206 SKELETON MODULE - under construction (where have I seen that before!)

General Introduction

From actual bodies almost all the ideas of anatomical theory developed, but to understand this theory it is easier to use lists and labelled diagrammatic PowerPoint images (in 206), which present a simplified view and one that ignores anatomical variation from one person to another. The purpose of the anatomy lab is for you to find out what bodies are really like to the extent that we can do this once they are dead.
In the lab, within your working group of three or four, someone needs to have brought a copy of Guy's Anatomy book, a list of the structures to be learned for the test, & whatever of this can usefully be printed out and brought with you. Although, the idea is to have most of this in your head when you come in. However, printing out the Figs in black and white of course loses the color used extensively to distinguish things. You can, later, go over the labels and leaders and restore them with colored highlighters.
For using this material at the computer, some may work from the screen just clicking the links, others may want a printed version to read along with going off for the images.


Skeleton It is important that you also learn the Skeleton from Julia Guy's Computer-based Anatomy Program, among other reasons because her images are used for part of all our lab exams. You have access to her Anatomy Lab Program on the HSC server reached from the SBLC computers (Room 4005), and on the CD that is sold separately from her Atlas in the Bookstore. Not everyone needs to buy the CD - make your own sharing arrangements. You will also have to download a recent version of QuickTime to play the demonstrations (animations). However, if you cannot play these, try clicking on 'Demonstration' again, then 'Continue' to keep moving.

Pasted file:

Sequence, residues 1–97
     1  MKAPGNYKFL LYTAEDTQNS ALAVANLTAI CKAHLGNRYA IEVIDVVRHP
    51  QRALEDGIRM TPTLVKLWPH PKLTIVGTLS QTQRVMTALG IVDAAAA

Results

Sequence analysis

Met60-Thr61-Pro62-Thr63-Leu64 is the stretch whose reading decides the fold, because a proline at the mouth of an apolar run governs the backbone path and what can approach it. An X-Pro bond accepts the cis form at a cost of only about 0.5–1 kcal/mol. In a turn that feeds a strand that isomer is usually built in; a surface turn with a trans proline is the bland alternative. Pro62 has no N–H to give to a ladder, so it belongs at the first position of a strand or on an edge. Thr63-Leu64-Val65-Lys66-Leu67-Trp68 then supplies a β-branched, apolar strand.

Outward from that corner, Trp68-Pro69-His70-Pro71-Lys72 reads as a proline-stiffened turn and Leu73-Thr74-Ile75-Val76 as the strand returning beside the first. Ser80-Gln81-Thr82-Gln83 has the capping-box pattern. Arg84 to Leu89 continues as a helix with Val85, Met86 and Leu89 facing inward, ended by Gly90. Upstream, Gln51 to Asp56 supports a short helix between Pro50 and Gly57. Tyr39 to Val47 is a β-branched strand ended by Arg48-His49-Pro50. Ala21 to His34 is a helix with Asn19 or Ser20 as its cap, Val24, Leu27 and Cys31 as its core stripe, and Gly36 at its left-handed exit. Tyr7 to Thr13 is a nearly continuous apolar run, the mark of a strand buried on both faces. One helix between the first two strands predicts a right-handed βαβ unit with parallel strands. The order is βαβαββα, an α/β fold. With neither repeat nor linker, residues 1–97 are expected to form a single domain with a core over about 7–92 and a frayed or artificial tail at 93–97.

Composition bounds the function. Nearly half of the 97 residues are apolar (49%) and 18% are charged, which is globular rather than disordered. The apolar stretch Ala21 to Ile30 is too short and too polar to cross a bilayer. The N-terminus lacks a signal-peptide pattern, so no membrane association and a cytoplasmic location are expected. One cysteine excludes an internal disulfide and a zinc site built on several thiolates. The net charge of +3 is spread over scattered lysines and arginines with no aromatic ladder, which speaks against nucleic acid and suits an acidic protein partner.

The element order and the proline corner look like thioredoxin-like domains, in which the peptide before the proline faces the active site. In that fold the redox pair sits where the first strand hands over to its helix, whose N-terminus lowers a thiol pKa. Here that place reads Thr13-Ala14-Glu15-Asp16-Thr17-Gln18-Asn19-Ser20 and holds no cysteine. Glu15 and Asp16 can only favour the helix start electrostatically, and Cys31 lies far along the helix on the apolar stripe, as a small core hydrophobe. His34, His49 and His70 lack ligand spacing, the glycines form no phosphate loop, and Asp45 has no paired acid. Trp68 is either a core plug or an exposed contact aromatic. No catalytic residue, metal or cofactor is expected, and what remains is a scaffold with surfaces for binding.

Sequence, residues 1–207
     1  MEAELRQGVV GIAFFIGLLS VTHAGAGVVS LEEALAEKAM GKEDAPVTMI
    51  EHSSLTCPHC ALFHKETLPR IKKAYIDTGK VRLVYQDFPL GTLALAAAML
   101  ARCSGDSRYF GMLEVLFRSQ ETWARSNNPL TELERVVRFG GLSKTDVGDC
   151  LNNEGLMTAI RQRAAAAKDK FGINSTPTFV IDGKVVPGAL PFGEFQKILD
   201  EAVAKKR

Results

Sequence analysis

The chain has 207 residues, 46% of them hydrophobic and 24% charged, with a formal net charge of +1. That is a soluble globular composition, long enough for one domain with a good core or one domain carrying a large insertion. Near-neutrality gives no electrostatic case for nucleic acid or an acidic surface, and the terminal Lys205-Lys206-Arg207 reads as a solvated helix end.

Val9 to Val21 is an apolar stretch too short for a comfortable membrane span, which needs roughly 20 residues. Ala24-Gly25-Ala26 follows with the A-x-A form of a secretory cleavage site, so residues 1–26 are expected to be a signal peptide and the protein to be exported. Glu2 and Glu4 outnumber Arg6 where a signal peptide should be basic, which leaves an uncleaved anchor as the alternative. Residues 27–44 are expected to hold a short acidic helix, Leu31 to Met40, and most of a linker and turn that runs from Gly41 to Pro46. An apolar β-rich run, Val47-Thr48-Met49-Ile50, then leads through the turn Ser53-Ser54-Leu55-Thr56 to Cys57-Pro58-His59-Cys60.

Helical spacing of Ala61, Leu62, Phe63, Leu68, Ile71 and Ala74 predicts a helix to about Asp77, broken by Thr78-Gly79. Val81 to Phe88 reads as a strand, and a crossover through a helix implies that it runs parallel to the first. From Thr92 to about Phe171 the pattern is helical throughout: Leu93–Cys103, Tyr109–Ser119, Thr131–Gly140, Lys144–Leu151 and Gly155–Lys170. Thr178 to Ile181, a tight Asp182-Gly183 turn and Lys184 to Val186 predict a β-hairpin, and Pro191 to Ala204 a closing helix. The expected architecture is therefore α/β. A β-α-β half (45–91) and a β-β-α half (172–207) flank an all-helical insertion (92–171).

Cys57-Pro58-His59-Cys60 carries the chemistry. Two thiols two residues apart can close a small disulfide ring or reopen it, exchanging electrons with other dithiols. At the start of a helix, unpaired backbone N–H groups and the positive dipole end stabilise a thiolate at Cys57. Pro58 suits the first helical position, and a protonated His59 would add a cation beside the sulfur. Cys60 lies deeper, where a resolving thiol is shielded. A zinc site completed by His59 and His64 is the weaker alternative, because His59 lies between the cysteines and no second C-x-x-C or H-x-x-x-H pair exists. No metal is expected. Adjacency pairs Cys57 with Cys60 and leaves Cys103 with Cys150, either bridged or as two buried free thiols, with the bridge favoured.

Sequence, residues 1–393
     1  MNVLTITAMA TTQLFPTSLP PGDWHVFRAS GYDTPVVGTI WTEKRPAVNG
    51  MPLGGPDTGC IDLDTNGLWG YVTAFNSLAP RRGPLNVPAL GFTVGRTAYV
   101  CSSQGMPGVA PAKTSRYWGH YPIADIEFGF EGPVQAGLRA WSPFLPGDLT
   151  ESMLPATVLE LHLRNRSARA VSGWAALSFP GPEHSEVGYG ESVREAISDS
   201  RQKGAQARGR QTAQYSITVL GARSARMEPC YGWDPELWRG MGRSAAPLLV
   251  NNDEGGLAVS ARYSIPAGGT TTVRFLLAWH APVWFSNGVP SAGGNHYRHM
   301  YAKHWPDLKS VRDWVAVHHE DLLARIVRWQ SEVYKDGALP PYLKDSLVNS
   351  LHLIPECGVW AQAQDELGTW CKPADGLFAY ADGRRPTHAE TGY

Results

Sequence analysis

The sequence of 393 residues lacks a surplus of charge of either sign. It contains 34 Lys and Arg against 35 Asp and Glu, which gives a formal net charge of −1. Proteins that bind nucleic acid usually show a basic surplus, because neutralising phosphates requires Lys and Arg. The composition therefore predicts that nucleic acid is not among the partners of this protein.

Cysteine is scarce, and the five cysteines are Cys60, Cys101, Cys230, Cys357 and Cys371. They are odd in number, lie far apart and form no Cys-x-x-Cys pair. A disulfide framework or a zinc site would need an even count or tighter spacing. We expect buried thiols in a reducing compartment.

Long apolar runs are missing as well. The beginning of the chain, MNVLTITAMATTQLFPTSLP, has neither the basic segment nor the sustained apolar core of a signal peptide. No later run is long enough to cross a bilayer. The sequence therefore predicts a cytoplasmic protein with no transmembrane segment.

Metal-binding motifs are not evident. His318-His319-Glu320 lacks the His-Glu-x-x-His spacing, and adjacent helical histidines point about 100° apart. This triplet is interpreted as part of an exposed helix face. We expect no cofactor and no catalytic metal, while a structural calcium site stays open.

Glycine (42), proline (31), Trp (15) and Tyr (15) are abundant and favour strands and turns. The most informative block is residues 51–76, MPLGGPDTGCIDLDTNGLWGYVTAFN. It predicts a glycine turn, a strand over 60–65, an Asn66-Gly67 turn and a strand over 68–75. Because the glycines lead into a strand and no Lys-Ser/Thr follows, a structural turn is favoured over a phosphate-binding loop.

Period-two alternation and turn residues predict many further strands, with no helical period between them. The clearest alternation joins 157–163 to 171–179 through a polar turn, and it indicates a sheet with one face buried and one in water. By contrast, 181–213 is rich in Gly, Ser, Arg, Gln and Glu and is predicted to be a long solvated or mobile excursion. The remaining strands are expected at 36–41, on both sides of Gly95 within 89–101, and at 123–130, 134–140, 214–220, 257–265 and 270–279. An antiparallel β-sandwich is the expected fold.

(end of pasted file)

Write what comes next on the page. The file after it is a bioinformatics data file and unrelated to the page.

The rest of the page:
From their shapes, positions and peculiarities, the bones permit particular movements round joints. Guy's Prgram has brief video clips illustrating certain movements. A few of these you will need to know as part of the 206 theory about Muscles and their actions. Also, to be known for Theory is the MICROSCOPICAL STRUCTURE of bone and cartilage, and some of its clinical implications.

Guide to Guy's Anatomy Lab on SBLC Computers

1 If the computer asks for a User ID, type in the computer's own number, e.g., SBCL09. Leave 'Password' blank and hit enter.

2 Choose (double-click) the icon 'Shortcut to HSC SBLC SOFTWARE'

3 From the many icons, choose 'Anatomy Lab'

4 Choose 'The Upper Limb'

5 Choose 'Axial Skeleton and Muscle'

6 Wait until the program starts, then, in the query box, type a single letter, number, or punctuation mark, and hit ENTER to proceed

7 From now on, whenever a question is posed, anything typed in the box, followed by ENTER lets you progress

8 To get out, use 'Back to Menu, 'Yes', followed by as many 'Quits' and 'Close' as it takes.

9 When you return just to Guy's main menu, you can find the Appendicular Skeleton in the Upper and Lower Limb boxes.